How to Say Quote in Different Languages

Quote in Different Languages: A quote is a repetition of one word as part of the other, especially when the quoted expression is well-known or specifically ascribed to its original source, and quotation marks are indicated. There are also quotes that relate to the repetitive use of units of any other type, in particular parts of artistic works: painting components, cinematographic scenes or portions of a musical composition.

How to Say Quote in 88 Different Languages

Different LanguagesWord Quote
Albaniancitat
Basqueaurrekontua
Belarusianкаціроўка
Bosniancitat
Bulgarianцитат
Catalancita
Croatiancitat
Czechcitát
Danishcitere
Dutchcitaat
Estoniantsitaat
Finnishlainata
Frenchcitation
Galiciancita
GermanZitat
Greekπαραθέτω, αναφορά ("parathéto, anaforá")
Hungarianidézet
IcelandicTilvitnun
Irishceanglófar
Italiancitazione
Latviancitāts
Lithuaniancitata
Macedonianцитат
Maltesekwotazzjoni
Norwegiansitat
Polishzacytować
Portuguesecitar
Romaniancitat
Russianкотировка (kotirovka)
Serbianцитат (citat)
Slovakcitovať
Sloveniankvota
Spanishcitar
SwedishCitat
Ukrainianкотирування (kotyruvannya)
Welshquote
Yiddishציטירן
Armenianմեջբերում
Azerbaijaniquote
Bengaliউদ্ধৃতি
Chinese Simplified引用 (yǐnyòng)
Chinese Traditional引用 (yǐnyòng)
Georgianციტირება
Gujaratiભાવ
Hindiउद्धरण
Hmongquote
Japanese見積もり
Kannadaಉಲ್ಲೇಖ
Kazakhцитата
Khmerសម្រង់
Korean인용문 (in-yongmun)
Laoquote
Malayalamഉദ്ധരിക്കുക
Marathiकोट
Mongolianиш татах
Myanmar (Burmese)စြေးထား
Nepaliउद्धरण
Sinhalaඋපුටා
TajikИќтибос
Tamilமேற்கோள்
Teluguకోట్
Thaiอ้างอิง
Turkishalıntı
Urduاقتباس
UzbekIqtibos
VietnameseTrích dẫn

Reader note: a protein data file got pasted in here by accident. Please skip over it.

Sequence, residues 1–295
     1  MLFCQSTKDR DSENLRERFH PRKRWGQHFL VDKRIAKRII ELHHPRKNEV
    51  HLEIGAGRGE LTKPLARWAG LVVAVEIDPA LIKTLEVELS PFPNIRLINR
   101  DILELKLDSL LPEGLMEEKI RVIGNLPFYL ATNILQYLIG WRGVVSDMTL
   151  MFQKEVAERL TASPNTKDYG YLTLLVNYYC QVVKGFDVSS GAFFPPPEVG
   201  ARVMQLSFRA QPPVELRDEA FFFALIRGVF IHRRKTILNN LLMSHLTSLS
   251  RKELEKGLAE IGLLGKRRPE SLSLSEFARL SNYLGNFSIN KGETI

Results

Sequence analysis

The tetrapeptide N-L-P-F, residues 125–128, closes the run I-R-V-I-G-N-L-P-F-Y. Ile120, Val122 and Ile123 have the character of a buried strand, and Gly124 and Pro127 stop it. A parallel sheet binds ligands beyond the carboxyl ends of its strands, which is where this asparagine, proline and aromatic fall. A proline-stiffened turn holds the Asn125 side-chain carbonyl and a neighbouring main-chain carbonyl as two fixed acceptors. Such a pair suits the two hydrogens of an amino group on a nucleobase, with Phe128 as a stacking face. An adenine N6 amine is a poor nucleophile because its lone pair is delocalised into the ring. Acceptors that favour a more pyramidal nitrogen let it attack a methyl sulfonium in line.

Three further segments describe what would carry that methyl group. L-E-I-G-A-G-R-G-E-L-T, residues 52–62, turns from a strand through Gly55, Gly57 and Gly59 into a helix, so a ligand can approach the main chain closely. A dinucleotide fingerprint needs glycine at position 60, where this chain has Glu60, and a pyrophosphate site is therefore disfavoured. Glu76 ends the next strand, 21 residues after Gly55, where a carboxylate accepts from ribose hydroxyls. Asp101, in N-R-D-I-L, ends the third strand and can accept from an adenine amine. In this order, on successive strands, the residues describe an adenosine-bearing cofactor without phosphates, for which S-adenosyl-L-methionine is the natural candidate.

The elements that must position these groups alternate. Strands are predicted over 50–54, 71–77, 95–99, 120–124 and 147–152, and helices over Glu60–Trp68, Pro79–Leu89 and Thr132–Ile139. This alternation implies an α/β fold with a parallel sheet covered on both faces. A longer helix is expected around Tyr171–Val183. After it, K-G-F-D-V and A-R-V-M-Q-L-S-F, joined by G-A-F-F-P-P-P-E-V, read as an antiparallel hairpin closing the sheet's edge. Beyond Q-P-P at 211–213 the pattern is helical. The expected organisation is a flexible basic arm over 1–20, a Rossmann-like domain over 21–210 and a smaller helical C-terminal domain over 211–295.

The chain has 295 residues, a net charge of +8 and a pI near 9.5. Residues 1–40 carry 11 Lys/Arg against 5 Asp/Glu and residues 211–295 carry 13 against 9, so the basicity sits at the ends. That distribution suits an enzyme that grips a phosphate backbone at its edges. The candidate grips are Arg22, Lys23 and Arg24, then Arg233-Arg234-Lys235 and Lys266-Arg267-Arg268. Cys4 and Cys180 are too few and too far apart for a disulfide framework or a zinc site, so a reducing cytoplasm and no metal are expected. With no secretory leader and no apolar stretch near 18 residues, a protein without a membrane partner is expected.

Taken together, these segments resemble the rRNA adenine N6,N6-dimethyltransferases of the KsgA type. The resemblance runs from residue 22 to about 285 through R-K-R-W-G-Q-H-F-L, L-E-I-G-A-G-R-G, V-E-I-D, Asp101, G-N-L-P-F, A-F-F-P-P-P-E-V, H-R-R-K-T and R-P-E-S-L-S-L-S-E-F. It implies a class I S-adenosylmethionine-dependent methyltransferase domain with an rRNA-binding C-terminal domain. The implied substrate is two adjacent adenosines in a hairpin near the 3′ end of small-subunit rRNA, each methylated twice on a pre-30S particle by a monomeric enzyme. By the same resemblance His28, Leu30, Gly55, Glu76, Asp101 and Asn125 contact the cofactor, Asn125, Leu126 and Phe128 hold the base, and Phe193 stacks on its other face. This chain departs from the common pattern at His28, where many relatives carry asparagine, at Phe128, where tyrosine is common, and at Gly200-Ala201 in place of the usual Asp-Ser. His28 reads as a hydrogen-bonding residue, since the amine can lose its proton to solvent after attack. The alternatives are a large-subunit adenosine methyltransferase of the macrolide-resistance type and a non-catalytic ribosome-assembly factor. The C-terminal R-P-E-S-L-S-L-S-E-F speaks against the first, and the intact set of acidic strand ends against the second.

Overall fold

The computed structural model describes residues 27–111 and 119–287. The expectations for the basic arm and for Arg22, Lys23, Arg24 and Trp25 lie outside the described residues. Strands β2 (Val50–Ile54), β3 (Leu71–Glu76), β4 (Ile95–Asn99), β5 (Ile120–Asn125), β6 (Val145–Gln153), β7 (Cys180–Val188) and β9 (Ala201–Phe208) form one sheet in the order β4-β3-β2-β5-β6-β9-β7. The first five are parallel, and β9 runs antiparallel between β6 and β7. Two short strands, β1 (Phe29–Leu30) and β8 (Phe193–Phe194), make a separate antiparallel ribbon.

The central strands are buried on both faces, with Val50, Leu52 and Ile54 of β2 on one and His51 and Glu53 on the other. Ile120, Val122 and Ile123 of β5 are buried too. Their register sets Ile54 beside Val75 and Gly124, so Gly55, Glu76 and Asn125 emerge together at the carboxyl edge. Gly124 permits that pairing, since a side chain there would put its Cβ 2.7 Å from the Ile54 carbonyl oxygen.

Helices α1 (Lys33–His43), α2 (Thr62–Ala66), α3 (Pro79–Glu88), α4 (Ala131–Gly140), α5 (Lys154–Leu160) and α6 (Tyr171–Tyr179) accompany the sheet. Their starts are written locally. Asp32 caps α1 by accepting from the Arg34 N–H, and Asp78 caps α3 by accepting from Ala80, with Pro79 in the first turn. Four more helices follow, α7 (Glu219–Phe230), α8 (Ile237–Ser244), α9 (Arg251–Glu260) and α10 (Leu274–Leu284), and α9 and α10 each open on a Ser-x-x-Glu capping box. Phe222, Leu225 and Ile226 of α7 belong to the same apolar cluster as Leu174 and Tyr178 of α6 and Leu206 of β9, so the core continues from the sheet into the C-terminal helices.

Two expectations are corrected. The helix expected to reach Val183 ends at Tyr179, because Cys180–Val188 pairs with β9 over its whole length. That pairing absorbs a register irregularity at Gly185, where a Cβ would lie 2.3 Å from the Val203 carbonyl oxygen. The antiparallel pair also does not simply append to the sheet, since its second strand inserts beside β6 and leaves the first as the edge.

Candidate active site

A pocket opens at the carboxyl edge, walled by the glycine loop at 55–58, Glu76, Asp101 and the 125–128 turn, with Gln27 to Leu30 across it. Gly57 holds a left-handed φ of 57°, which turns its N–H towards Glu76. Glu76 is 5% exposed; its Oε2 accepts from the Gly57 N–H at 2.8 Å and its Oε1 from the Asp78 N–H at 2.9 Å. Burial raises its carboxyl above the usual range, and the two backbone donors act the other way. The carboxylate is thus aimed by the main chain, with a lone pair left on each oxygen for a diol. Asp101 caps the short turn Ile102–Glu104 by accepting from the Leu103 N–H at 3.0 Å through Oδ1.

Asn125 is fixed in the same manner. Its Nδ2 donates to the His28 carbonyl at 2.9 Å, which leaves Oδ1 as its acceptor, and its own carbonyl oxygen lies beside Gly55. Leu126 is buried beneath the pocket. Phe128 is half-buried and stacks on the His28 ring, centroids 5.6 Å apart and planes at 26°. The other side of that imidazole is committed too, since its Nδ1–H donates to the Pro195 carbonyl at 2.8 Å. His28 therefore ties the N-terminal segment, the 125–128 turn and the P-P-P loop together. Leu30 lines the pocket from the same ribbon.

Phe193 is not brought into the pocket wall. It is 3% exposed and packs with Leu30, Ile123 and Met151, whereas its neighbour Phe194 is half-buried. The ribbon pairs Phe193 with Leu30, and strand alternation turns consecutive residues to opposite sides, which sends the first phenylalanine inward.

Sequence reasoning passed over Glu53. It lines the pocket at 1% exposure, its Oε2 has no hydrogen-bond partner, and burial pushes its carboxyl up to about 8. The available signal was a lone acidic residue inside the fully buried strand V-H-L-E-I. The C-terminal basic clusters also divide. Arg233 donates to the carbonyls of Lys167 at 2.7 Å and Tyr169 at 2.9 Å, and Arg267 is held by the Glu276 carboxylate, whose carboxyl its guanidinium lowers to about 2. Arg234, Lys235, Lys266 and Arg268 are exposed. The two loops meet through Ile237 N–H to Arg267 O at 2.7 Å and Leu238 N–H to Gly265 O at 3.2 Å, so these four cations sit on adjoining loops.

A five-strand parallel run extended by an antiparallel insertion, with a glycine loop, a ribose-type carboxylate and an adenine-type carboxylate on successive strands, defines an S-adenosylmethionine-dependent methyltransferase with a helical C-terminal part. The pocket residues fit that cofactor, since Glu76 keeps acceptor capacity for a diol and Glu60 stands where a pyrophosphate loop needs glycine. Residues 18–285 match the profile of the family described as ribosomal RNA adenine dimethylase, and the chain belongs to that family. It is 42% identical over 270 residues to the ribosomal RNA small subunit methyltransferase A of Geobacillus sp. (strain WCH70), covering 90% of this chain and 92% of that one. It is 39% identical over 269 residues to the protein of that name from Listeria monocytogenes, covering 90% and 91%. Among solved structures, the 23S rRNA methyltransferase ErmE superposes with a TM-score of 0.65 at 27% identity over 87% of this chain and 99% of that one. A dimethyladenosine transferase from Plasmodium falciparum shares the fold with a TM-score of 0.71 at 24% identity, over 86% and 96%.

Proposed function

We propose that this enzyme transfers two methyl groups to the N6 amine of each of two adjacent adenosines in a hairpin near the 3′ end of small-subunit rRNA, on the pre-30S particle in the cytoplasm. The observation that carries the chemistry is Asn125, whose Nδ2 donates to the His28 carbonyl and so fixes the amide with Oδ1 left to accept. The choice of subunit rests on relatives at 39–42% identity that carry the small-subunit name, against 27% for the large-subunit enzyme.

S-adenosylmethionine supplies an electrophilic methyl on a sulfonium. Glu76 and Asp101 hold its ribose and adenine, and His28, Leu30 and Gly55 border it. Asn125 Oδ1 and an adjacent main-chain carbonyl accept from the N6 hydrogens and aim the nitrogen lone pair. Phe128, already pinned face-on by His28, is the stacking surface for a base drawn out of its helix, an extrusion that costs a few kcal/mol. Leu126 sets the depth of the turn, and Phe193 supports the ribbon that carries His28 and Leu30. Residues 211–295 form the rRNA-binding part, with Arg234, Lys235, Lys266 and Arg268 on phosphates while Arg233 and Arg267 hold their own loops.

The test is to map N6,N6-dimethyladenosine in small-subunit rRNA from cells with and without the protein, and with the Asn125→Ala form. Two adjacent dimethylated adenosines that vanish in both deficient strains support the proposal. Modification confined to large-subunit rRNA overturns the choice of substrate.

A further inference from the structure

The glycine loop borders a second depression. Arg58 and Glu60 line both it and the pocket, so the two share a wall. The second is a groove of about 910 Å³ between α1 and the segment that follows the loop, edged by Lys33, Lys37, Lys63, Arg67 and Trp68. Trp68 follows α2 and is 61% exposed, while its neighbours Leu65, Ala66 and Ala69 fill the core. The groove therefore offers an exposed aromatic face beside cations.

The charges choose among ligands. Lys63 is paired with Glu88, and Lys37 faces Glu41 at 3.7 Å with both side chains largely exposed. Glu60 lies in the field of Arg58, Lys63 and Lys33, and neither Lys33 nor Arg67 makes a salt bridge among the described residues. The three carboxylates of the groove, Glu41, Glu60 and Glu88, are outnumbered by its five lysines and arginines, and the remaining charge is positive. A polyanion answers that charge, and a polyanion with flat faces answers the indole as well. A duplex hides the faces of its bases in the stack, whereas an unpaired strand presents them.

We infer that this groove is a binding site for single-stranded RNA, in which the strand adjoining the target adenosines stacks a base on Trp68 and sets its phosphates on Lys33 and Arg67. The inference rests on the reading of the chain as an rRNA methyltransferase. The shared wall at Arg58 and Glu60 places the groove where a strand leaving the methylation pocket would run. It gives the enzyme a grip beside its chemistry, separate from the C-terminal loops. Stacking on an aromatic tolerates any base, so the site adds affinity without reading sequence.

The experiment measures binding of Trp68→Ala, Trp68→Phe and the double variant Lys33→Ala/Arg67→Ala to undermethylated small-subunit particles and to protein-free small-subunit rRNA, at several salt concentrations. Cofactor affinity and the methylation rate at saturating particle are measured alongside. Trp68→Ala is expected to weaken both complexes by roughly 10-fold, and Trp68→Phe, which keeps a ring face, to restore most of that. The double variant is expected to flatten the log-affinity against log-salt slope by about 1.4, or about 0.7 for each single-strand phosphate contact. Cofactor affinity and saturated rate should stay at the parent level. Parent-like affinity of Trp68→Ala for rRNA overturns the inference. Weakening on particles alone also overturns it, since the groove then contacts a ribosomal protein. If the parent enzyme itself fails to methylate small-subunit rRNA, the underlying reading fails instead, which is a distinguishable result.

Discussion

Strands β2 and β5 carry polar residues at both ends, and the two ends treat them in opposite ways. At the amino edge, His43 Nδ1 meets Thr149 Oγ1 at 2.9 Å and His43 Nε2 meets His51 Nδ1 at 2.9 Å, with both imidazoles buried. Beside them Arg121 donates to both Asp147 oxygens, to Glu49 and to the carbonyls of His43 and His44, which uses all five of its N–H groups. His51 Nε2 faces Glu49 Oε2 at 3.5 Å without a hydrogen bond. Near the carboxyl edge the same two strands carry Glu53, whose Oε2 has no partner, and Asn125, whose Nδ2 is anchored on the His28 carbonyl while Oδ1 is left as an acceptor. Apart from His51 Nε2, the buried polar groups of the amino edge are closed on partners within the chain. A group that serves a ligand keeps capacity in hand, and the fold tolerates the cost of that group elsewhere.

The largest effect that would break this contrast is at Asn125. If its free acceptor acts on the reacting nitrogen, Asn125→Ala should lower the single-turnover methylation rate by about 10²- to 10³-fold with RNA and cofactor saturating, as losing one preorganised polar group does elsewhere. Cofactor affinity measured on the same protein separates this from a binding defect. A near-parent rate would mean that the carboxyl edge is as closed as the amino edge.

Arabicاقتبس (aiqtabas)
Hebrewציטוט
Persianنقل قول
Afrikaanskwotasie
Chichewaamagwira
Hausaquote
Igboquote
Sesothoqotsa
Somaliquote
Swahilikunukuu
Yorubaquote
Zululesisho
Cebuanokinutlo
Filipinosipi
Indonesiankutipan
Javanesepenawaran
Malagasynotsongaina
Malayquote
MaoriKīanga
Esperantocitaĵo
Haitian Creolequote
Latinquote

Quotations are used for a number of reasons: to justify the importance of the work in which it is referenced or to endorse the points, to provide solid information on the work quoted, to pay attention to the original work or creator or to make the user of the quotation look clear and/or comply with law on the rights to copyright.

Quotations are also typically written as an opportunity to evoke the reader’s philosophical ideas. Quotations can be used pragmatically as linguistic games to manipulate the framework of social order and society. Most quotations are usually incorrect or credited to fake writers, whereas quotes from obscure or anonymous authors are often attributed to much better-known authors.

Sources of this are Winston Churchill, to whom several ambiguous political quotations are credited, and Oscar Wilde, whom sometimes are given anonymous humorous references. Quotes add more clarity to your message and a meaningful message is conveyed in a short line through quotation.

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